Humanistic aestheticism

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Humanistic Aestheticism was formed by English essayist Walter Pate and Oscar Wilde as aesthetics which is more concerned with the individual, the self, than with popular movements like Industrialism or Capitalism. In their view art was not meant to instruct and should not concern itself with social, moral, or political guidance. Another tenet of humanist aestheticism is that the artist’s life was even more important than any work that he produced; his life was to be his most important body of work.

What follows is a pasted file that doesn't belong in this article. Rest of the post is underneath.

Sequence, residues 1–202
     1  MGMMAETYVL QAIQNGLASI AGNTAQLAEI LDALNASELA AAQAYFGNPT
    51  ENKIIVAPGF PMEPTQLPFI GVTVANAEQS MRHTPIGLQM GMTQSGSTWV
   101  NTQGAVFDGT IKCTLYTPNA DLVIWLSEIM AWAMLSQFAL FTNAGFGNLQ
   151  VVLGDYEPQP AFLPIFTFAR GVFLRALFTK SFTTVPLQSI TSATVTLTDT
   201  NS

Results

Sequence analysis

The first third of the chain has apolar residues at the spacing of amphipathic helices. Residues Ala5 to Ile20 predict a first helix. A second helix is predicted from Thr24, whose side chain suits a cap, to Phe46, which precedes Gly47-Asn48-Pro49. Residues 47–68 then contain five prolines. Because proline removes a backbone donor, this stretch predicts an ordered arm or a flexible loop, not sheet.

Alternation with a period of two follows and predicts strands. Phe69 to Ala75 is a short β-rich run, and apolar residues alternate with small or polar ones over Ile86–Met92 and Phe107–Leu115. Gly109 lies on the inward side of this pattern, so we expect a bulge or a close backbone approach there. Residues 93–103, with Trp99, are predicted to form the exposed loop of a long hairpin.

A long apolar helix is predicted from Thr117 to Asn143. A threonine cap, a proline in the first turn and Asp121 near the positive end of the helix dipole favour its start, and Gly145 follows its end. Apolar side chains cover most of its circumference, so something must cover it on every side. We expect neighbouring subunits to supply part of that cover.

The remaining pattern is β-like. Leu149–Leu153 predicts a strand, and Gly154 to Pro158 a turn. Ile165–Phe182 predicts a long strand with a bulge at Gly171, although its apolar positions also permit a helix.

Oscar Wilde was a leader in promoting the aestheticism movement near the end of the Nineteenth Century. Wilde was influenced as a college student by the works of the English poet and critic Algernon Charles Swinburne and the American writer Edgar Allan Poe. He advocated freedom from moral restraint and the limitations of society. This point of view contradicted contemporary Victorian conventions.

The most important of Wilde’s critical works, published in May 1891, is a volume titled Intentions. It consists of four essays: “The Decay of Lying,” “Pen, Pencil and Poison,” “The Critic as Artist,” and “The Truth of Masks.”


Cliff's Notes: Oscar Wilde's Aesthetics